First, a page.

Acacia paradoxa – Taxon details on World Wide Wattle.
USDA, ARS, Germplasm Resources Information Network. Acacia paradoxa in the Germplasm Resources Information Network (GRIN), U.S. Department of Agriculture Agricultural Research Service. Accessed: 09-Oct-10.

Vernacular names
English: Hedge Wattle, Kangaroo Acacia, Kangaroo Thorn, Prickly Wattle
suomi: Harja-akaasia

Acacia paradoxa[1] is a plant in the family Fabaceae. Its common names include kangaroo acacia,[2] kangaroo thorn, prickly wattle, hedge wattle[3] and paradox acacia.


The large shrub or tree up to 2 to 4 metres (7 to 13 ft) tall[4] and has a similar width,[3] it has ribbed branchlets that are often arched downward. It is dense with foliage; the leaves are actually enlarged petioles known as phyllodes. They are crinkly and the new ones are covered in hairs. The erect phyllodes are asymettric and have a lanceolate shape and are around 30 millimetres (1.18 in) in length and 7 mm (0.276 in) wide.[4] The bush is also full of long spines. It usually flowers between August and November[3] producing an axillary flower-spike with small, bright yellow spherical flower heads and the fruits are brown pods 4 to 7 centimetres (1.6 to 2.8 in) long. The hard black seeds within have an oblong shape and are about 6 mm (0.236 in) in length and half as wide.[4]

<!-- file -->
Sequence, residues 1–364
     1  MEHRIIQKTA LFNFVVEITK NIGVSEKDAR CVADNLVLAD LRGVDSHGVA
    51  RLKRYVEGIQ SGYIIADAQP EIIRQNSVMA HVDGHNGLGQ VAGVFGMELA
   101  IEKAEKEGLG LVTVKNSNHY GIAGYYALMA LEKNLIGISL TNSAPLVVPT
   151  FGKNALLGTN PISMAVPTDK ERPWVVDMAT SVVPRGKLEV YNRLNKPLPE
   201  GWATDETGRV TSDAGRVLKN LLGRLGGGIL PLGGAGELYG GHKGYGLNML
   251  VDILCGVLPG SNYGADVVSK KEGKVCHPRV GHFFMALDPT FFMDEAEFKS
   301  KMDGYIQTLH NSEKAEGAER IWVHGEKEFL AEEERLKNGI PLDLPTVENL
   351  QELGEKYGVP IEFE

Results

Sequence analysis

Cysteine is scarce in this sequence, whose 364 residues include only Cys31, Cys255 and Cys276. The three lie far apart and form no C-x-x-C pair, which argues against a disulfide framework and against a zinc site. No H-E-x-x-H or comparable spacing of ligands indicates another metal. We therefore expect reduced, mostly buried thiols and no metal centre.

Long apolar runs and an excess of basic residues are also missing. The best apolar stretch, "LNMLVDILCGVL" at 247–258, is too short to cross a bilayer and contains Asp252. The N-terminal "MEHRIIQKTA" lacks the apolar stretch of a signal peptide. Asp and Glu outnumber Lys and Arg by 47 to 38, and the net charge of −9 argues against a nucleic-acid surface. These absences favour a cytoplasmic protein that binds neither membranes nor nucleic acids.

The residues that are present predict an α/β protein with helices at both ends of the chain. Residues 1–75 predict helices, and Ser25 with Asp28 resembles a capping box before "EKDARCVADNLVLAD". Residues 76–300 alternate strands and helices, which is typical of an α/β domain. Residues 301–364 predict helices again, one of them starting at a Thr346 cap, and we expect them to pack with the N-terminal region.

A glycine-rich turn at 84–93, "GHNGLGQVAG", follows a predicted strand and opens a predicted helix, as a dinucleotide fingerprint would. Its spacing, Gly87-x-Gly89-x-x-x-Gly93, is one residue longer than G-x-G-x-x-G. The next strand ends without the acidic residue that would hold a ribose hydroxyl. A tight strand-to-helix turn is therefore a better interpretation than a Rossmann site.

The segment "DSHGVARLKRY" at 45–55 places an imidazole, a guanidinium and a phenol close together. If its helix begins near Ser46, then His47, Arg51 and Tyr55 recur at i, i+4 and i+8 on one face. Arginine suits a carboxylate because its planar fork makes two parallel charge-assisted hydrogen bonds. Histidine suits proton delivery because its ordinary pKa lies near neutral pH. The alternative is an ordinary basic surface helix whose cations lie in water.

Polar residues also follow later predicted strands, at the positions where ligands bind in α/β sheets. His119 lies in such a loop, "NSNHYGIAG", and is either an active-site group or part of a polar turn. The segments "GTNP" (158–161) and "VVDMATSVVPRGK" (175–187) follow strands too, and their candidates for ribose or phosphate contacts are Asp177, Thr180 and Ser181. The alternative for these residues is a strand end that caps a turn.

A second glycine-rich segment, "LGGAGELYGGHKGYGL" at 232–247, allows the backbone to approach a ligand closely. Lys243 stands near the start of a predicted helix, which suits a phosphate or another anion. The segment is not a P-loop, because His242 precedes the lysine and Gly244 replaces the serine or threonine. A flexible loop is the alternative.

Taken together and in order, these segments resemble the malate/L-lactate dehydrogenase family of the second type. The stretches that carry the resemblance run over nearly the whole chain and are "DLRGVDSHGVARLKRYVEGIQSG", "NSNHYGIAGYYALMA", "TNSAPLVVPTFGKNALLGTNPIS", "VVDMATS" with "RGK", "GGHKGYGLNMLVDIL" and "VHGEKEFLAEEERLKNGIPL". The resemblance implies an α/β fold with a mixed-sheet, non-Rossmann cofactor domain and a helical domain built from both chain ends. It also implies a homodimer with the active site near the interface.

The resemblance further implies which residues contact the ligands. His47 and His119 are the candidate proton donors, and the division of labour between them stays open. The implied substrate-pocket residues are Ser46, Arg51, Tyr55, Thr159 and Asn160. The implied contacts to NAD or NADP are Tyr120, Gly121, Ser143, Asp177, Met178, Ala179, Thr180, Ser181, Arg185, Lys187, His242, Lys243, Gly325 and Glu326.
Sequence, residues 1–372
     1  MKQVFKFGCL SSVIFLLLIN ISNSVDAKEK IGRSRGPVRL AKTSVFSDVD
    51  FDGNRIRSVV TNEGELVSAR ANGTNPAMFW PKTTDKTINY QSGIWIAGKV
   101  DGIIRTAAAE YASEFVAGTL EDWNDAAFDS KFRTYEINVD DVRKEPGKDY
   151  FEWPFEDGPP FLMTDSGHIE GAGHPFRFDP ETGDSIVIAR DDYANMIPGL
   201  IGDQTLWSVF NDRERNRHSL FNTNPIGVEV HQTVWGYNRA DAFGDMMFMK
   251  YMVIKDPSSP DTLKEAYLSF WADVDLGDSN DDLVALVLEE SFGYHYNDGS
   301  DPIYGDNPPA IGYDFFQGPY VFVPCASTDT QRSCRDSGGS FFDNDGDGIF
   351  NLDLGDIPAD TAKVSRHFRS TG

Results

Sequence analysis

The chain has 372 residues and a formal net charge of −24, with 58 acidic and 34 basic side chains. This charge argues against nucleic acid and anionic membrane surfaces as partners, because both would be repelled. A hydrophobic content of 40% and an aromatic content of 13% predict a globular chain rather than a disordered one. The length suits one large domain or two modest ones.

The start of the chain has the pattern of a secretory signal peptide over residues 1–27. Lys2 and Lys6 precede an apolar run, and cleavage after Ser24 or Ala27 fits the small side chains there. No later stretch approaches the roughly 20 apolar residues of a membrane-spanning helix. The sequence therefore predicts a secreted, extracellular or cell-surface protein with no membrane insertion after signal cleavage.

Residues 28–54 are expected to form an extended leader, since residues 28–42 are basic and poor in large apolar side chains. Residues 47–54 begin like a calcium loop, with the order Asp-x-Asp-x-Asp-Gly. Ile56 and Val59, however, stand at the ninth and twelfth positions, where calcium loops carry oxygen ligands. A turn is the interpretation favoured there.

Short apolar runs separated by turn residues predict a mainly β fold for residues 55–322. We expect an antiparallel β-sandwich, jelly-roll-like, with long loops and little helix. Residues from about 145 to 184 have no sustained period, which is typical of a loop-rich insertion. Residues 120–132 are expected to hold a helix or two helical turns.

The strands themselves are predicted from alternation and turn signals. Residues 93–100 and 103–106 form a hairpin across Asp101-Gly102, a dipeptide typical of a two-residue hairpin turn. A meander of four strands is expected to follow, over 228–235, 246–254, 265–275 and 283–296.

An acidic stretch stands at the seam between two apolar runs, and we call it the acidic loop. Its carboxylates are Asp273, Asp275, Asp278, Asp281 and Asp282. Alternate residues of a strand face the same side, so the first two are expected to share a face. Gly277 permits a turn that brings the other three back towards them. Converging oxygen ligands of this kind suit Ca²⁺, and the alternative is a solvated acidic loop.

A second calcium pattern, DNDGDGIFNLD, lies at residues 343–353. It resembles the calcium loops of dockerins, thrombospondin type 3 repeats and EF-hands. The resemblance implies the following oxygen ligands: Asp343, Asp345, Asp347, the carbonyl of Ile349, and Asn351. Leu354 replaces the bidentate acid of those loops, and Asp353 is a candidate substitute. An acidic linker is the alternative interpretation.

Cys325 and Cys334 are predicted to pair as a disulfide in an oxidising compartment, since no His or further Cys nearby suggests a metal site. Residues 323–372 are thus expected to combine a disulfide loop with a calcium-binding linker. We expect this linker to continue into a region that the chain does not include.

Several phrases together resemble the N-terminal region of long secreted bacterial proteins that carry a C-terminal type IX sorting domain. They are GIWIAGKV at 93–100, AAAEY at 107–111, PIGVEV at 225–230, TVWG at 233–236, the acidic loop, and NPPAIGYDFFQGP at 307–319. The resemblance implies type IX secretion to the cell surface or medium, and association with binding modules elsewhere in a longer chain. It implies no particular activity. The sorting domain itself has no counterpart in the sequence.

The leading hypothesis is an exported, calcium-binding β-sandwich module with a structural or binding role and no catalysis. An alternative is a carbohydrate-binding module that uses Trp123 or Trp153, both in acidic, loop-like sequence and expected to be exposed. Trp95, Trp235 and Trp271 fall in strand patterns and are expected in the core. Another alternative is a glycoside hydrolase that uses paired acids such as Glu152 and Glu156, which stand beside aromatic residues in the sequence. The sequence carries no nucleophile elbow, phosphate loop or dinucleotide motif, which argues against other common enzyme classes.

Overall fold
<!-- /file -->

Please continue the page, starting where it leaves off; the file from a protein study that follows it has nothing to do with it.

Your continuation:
The spiny stipules that grow at the base of the phyllodes deter livestock from feeding on or too close to the plant.

The species was first formally described by the botanist Augustin Pyramus de Candolle in 1813 as part of the work Catalogus Plantarum Horti Botanici Monspeliensis.[2] The species name is from the Greek words para which means near and doxa meaning glory. This probably refers the unattractive and thorny shrub being quite showy when it is in bloom.[4]

Many synonyms are known for the plant including; Acacia ornithophora, Acacia undulata, Mimosa paradoxa, Racosperma paradoxum, Acacia armata and Acacia hybrida.[2]

Kangaroo thorn is widely spread across Australia, regenerating from seed after disturbances, such as bush fire. Small birds, including wrens, use this plant as shelter and dwelling, while it is relied upon as a food source for moths, butterflies and other insects, birds also feed on its seeds.